President Trump’s hard-to-swallow travel ban has sparked a new series of local culinary tours and restaurant maps showcasing food from the seven affected countries.

The new offerings were cooked up by a collective of fund-raising foodies who came together last weekend and named themselves Breaking Bread NYC.

The group’s first “Middle Eats Food Tour” will meet at 11 a.m. Saturday at Damascus Bread & Pastry Shop on Atlantic Ave. in Brooklyn.

The culture crawl will guide attendees to five local purveyors of Syrian and Yemeni cuisine in Cobble Hill, organizers said.

Follow-up tours will introduce ticket holders to traditional dishes from Iraq, Iran, Sudan, Libya and Somalia — the other countries affected by Trump’s ban.

Saturday’s suggested donation of $30 or more includes all food, with leftover proceeds benefitting the Council for American-Islamic Relations, organizers said.

“We all realize that fear comes from misunderstanding, and the best way to understand each other is to eat together. You eat food from someone else’s culture and understand more about their grandmother and upbringing,” the group’s co-founder Scott Wiener said.

Wiener said the week-old collective considered calling itself “Eat The Ban NYC” but decided to turn down the political heat to be as inclusive as possible.

“It’s open to everyone, but obviously it started as a reaction to the seven-country executive order,” the 35-year-old organizer who already runs the popular Scott’s Pizza Tours said.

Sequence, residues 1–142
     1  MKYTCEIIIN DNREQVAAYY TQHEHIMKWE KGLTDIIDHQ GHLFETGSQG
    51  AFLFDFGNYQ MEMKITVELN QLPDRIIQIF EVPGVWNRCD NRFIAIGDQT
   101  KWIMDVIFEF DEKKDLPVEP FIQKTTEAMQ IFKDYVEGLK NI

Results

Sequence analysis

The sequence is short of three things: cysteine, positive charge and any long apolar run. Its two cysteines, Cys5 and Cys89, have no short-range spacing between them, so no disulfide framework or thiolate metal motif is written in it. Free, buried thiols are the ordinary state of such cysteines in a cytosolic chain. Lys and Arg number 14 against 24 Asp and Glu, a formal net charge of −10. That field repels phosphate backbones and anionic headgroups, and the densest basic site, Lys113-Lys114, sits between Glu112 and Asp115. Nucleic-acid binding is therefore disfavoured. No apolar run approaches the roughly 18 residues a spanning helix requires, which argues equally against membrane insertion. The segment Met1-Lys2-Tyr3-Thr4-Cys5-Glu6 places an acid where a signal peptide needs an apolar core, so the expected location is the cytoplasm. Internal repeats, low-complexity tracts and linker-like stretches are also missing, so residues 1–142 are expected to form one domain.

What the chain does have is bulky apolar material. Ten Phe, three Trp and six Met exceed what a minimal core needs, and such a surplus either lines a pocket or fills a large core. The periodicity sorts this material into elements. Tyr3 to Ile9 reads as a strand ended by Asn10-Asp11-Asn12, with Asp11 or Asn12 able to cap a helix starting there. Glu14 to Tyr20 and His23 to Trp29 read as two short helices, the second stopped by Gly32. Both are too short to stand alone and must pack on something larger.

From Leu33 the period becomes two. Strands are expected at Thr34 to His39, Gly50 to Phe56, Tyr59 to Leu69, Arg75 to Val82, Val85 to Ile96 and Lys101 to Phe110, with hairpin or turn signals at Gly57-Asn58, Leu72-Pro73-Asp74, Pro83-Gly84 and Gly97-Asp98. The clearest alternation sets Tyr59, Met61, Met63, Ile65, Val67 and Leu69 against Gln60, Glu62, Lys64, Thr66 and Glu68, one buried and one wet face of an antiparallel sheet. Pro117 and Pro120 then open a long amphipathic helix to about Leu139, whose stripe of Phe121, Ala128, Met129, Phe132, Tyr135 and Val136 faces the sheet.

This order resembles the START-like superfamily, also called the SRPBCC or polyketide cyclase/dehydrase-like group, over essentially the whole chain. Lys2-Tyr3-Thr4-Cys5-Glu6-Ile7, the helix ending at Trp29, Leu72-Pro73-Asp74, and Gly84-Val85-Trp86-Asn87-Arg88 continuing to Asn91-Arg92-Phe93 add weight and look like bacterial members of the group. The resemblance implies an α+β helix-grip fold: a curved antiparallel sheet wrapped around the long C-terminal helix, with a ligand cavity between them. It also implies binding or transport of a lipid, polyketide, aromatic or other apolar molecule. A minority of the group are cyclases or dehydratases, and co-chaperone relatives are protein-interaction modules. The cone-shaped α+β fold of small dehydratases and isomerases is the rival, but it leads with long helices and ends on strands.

Beyond live events, the group also is offering a weekly map with restaurant listings broken down by borough.

For a limited time, a $10 donation will buy an ongoing subscription to the guides sent via email. Eventually the maps will cost $10 for each week’s installment, Wiener said, with all proceeds benefitting CAIR.

“We’re all good friend and tour guides just trying to do what we can,” fellow organizer Jeff Orlick, 35, told The News.

“Food is the greatest medium to communicate. It just seemed natural to get these (restaurant owners) some exposure and help their communities during a pivotal time while at the same time creating understanding around food,” he said.

Wiener said about 70 people had signed up for the weekly map as of Friday morning. About 50 people who visited the group’s Facebook page said they planned to attend the Saturday tour.

The group’s next event likely will be a guided group dinner at a Somali restaurant in Harlem, Wiener said.

“Everything we’re doing here is about understanding,” Orlick said. “It’s about the cultural exchange we need to battle all the prejudice and fears people have.”